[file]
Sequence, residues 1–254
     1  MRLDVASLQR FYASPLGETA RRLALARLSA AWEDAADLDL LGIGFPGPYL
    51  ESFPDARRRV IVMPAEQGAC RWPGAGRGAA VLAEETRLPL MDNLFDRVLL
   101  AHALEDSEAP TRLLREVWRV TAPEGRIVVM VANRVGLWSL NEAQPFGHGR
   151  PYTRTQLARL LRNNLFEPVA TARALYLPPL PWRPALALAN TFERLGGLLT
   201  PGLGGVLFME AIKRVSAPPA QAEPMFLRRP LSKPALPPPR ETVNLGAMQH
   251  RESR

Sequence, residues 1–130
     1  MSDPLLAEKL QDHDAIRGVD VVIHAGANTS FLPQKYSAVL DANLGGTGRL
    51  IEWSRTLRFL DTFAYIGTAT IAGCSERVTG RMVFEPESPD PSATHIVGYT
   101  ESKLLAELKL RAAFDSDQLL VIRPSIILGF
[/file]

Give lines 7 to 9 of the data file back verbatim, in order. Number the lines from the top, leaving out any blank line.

   251  RESR

Sequence, residues 1–130
     1  MSDPLLAEKL QDHDAIRGVD VVIHAGANTS FLPQKYSAVL DANLGGTGRL